If you would like to live as a monk in Thailand, you will be required to follow 227 precepts or rules. Some of these are fairly obvious, such as not committing murder, stealing, or slandering your fellow monks. Others, such as the injunction not to carry wool with oneself for more than three walking days, are a little more obscure. To live as a monk is to choose a highly disciplined life, one which is designed to create the right conditions for spiritual development. We may regard some of those rules with a certain bemusement, or even feel that rules are not for us – we should be free spirits, able to act in whatever way feels right to us. Yet our lives are also bound by countless rules, probably more than 227, mostly designed to help us live in peace with others. Even something as simple as driving to the shops to get some milk requires us to follow road rules, such as stopping at a red light, as well as the driving conventions of our culture, which will determine how generous we are when it comes to giving way, how respectful we are of bikes on the road, and so on. There are rules about how to behave in a supermarket queue, what we can wear at work, what we are allowed to say and when, how late we can keep the whole neighbourhood awake with our party, whether we’re allowed to check Facebook at work, and countless others.

Then there are the disciplines we set for ourselves to keep us healthy and happy – that early morning run in drizzling rain, saying no to the extra glass of wine, meditating regularly regardless of whether we feel like it. Just as religious groups work out over time which practices and ceremonies are helpful, so we too might figure out for ourselves that yes, regular exercise is important to me, I will regret getting drunk, my day goes much better when I’ve made the time to meditate in the morning. Some form of discipline seems to be essential for us to lead a ‘good’ life. Groups of people need structures and guidelines if they are to work well and efficiently together. Yet often, within a generation or two, these guidelines can become ends in themselves – rigid rules everyone has to obey, or else! There is a Zen saying which illustrates this:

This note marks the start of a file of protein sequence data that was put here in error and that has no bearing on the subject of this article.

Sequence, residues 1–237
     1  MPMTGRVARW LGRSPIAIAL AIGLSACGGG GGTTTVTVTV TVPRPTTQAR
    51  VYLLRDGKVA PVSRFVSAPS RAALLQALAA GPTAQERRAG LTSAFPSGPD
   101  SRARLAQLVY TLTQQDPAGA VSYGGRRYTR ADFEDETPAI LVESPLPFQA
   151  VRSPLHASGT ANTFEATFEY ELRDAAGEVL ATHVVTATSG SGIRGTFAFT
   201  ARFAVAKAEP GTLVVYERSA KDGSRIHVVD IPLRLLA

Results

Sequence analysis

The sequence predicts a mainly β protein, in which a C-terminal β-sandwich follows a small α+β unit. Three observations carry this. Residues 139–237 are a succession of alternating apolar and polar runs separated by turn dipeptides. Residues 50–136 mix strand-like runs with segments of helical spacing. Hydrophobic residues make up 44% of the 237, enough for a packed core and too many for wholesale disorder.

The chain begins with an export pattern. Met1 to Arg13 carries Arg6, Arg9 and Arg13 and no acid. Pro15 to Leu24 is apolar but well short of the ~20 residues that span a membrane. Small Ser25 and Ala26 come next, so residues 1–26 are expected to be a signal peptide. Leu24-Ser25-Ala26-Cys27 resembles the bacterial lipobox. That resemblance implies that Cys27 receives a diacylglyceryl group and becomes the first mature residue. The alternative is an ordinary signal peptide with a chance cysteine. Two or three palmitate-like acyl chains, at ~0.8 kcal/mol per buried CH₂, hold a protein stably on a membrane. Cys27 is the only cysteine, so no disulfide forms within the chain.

‘Don’t mistake the finger pointing at the moon for the moon.’

Our rules are like fingers pointing at the moon – they are helpful, but only if we don’t forget they are simply there to point us in the right direction.

Our lives are a constant balancing act between becoming too rigid on one hand, and on the other hand lacking the self-discipline to choose those actions which will benefit us. As we grow and change, the rules which served us well two years ago may no longer be appropriate now. It’s not always easy to get the balancing act right. If I wake up with a sore throat, is a morning run in pouring rain a good idea? Perhaps it is, perhaps it isn’t. Mindfulness can help us tune more deeply into our present-moment experience, and discern what is really going on – is my desire to sleep in just laziness, or do I need to be flexible with my exercise routine this morning? Hopefully, as we keep tuning in, over time we will have a clearer sense of when flexibility or discipline may be needed.

Weekly practice idea:

What are the rules you live by? Do you think you generally have a tendency to be too rigid, or not disciplined enough? Perhaps you are very disciplined at work, for example, but not so good when it comes to self-care. Stop and pause from time to time, and ask yourself – is my current action about healthy discipline, rigid dogma, or a bit too laissez-faire?

 

Anja Tanhane